Malaysian consumers are weak!

The Malaysian consumers often have to face the threat of price hike by suppliers and producers. Too many times over. So much hue and cry when this happens. Almost everyone runs around like headless wet hens.

Why is this happening? For one, producers and suppliers in Malaysia have a lot of power. It is because they can do a lot of things and get away with it. They can meddle with the quality of the goods and services and offer them at premium prices, and still get away with it.

How come? It’s so simple! Malaysian consumers are very weak. Malaysian consumers have a very lousy consumer attitude. They are consumers but they fail to exercise the power that they have, against the producers and suppliers. That is why they are bullied.

Whenever there are price hikes, consumers would rather ask the Government to protect them. “The Government should……..” is one of the over used phrase in the mouths of average Malaysians. The Malaysian consumers expect the Government to check on the prices and reprimand errand producers, suppliers and retailers, every single time.

The Malaysian consumers failed to deal with these price hikes. They are unable to organize themselves to restrain from consuming these products and goods. Boycott, for short. They are simply too lazy and obtuse to go for the next substance which could substitute the product which price went up. They give a million excuses why they will eventually give in and the producers and suppliers will not only win, but they will get away with it, almost all the time. For example, Malaysian consumers are unable to change their lifestyle and habit to eat without fried food or their food prepared without cooking oil rather then grouse over the increase of cooking oil prices.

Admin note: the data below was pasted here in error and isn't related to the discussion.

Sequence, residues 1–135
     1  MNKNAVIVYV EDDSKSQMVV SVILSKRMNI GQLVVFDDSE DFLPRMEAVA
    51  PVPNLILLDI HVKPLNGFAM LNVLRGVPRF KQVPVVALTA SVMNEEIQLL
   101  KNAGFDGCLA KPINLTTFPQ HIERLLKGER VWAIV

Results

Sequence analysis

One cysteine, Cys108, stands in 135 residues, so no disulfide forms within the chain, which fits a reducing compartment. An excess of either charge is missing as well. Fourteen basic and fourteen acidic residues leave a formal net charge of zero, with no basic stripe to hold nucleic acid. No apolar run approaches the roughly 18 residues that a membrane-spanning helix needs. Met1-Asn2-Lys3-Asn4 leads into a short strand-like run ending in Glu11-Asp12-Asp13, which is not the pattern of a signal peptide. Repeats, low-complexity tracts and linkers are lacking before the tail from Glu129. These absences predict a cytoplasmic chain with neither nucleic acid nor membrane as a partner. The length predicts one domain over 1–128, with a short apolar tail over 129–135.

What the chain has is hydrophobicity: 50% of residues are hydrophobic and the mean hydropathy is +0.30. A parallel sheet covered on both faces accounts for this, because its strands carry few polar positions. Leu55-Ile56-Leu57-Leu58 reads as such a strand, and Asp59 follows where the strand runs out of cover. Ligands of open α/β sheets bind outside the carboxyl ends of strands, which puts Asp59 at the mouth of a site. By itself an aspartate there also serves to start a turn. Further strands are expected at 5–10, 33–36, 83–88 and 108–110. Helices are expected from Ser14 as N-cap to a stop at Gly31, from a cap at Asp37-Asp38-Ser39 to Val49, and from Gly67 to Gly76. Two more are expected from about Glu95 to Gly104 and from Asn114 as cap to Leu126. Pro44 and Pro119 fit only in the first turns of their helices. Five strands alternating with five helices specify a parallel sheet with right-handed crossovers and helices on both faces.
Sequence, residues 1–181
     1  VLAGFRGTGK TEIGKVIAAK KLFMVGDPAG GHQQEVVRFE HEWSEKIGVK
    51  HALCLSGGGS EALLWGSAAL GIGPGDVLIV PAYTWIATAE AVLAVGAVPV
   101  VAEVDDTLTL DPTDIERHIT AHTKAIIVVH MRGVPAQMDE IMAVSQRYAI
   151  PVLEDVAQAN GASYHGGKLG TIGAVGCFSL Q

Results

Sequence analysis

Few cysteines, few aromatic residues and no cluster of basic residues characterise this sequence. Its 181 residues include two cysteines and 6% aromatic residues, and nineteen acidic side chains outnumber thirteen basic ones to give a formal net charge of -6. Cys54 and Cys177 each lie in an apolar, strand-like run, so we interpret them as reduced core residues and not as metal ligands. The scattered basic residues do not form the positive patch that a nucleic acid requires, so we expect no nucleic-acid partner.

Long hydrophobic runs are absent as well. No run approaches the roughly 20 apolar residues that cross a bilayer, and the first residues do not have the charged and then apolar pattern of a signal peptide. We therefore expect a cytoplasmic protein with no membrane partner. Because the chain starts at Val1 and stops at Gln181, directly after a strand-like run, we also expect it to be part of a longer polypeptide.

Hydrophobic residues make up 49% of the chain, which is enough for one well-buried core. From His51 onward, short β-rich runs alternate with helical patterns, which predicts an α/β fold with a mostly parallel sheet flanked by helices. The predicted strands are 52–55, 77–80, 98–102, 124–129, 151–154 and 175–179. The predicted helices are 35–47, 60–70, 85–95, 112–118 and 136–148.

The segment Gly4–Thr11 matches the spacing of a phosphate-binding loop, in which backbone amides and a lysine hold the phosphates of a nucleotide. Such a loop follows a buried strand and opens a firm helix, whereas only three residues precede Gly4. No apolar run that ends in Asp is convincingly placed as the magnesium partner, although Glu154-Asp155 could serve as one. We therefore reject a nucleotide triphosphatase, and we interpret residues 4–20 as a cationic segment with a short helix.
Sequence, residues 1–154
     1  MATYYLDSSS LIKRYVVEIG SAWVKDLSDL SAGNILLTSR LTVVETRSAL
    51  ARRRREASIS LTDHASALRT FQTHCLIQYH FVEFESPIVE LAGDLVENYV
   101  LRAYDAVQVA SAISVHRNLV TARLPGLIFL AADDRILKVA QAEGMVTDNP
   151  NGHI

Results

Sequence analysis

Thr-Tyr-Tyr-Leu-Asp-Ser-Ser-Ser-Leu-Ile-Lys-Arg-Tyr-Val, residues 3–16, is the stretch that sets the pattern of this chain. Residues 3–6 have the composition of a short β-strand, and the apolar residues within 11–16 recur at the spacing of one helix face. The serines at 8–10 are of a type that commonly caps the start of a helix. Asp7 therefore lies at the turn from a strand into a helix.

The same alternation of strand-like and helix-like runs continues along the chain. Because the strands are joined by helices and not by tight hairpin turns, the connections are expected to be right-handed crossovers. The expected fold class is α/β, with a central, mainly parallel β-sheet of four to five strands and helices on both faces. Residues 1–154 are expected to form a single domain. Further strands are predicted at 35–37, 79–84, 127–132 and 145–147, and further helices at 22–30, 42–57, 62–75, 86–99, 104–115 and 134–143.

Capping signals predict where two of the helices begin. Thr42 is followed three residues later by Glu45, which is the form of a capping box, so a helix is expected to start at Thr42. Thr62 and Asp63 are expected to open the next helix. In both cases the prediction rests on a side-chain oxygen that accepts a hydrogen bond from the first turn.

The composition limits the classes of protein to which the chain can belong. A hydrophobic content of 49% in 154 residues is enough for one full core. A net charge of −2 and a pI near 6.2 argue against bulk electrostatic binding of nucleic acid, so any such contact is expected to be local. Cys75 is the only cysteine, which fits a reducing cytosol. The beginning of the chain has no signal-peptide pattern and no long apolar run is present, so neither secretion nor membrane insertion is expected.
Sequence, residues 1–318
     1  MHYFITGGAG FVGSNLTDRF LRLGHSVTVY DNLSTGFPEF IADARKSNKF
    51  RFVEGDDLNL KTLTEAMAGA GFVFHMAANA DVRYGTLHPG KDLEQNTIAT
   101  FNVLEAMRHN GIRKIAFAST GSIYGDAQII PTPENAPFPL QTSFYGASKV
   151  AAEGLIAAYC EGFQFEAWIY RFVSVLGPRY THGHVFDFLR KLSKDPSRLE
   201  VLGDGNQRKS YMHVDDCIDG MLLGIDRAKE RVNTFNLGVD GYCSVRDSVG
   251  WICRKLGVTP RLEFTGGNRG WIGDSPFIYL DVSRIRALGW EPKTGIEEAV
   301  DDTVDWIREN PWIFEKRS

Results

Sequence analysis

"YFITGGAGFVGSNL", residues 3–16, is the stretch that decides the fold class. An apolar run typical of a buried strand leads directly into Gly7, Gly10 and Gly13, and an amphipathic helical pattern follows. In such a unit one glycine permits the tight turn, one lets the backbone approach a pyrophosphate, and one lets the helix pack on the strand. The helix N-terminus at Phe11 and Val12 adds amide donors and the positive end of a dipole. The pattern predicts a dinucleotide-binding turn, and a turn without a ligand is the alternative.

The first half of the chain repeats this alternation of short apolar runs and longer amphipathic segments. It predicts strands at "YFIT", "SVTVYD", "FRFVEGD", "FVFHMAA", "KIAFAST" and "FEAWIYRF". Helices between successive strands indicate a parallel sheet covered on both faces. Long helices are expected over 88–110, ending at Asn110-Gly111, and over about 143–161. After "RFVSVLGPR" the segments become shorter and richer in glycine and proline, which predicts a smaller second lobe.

The Star, www.thestar.com.my, has such a story, last Saturday:


Teh tarik to cost 10 sen more

BUKIT MERTAJAM: Teh tarik and other beverages containing condensed milked will cost 10 sen more now in Penang, Kedah and Perak.

Malaysian Muslim Restaurant Operators Association president K.K. Sihabutheen said this was enforced recently at all major nasi kandar outlets in the northern states and the price increase, agreed upon by the association’s 150 members, was also for drinks like Milo, coffee and Horlicks.

The rise in the price of condensed milk led to the hike, he said.

“A carton of 48 tins of condensed milk costs RM108.85 compared to RM99.85 a year ago. Our selling price of teh tarik is still low, almost the same as the hawker’s price,” he said.

He was speaking after a dialogue between Domestic Trade and Consumer Affairs Committee chairman Lau Chiek Tuan and association members here yesterday.

Sihabutheen said the roti canai price would remain at 60 sen per piece despite the recent the increase in all-purpose wheat flour price.

“We have been selling roti canai at 60 sen for the past 12 years, the cheapest in the country. We only make a profit of one sen as the cost to produce each piece is 59 sen,” he said.

The price of roti telur (roti canai with egg) would also be maintained at RM1.30 following a request by the Domestic Trade and Consumer Affairs Ministry, he said.

Sihabutheen said members had complained that the prices of several essential goods had gone up over the last two years.

“A 50kg tank of cooking gas has gone up from RM82 to RM145, while a 17kg tin of cooking oil is now RM50 compared to RM33.

“A kilo of margarine is up 30 sen from RM2.20. A kilo of dhal is now RM2.24 compared to RM1.80 previously, while a kilo of spices is up by RM1 from RM8,” he said.

Can the Malaysian consumers boycott the Teh Tarik and Roti Canai, till the price come down to a ‘reasonable’ level? Why not?

That is why Malaysian consumers are highly dependent on Ministry of Domestic Trade and Consumer Affairs and the price control mechanism of hundreds of products, especially food item and essential stuff. In the Malaysian history, there had been no successful or effective organized boycott of products and goods because of the indiscriminate price hike by the producers.

This is about the attitude of Malaysian consumers. The consumer power is a very powerful tool and it could be used wisely, for the benefit of the consumers. Unfortunately, Malaysian consumers have a very obtuse and complacent attitude, habit and lifestyle which got them at the losing end, every time.

Published in: on May 28, 2007 at 23:06  Comments (11)  

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11 CommentsLeave a comment

  1. you know BD, i have never really thought about consumers this way. You’re right, Malaysian consumers are such a placid lot that they are so afraid to turn the tide against food suppliers.
    Having said that, I can tell you that things are not about to drastically change.

  2. i’ve said this in nuraina’s blog but i will say it again…